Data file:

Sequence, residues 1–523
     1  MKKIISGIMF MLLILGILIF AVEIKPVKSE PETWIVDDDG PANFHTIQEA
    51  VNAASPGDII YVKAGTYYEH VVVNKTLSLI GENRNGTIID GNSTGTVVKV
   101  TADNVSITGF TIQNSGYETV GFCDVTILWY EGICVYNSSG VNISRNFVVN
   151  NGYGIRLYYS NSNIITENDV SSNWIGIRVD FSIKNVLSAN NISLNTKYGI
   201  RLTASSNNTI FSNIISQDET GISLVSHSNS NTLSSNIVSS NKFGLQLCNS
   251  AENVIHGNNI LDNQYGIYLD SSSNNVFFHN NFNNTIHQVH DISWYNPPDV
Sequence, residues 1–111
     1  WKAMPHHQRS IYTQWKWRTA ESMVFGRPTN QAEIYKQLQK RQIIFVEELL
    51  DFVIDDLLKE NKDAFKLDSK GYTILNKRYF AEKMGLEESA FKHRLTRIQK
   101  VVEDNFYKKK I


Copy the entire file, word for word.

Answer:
Sequence, residues 1–523
     1  MKKIISGIMF MLLILGILIF AVEIKPVKSE PETWIVDDDG PANFHTIQEA
    51  VNAASPGDII YVKAGTYYEH VVVNKTLSLI GENRNGTIID GNSTGTVVKV
   101  TADNVSITGF TIQNSGYETV GFCDVTILWY EGICVYNSSG VNISRNFVVN
   151  NGYGIRLYYS NSNIITENDV SSNWIGIRVD FSIKNVLSAN NISLNTKYGI
   201  RLTASSNNTI FSNIISQDET GISLVSHSNS NTLSSNIVSS NKFGLQLCNS
   251  AENVIHGNNI LDNQYGIYLD SSSNNVFFHN NFNNTIHQVH DISWYNPPDV
Sequence, residues 1–111
     1  WKAMPHHQRS IYTQWKWRTA ESMVFGRPTN QAEIYKQLQK RQIIFVEELL
    51  DFVIDDLLKE NKDAFKLDSK GYTILNKRYF AEKMGLEESA FKHRLTRIQK
   101  VVEDNFYKKK I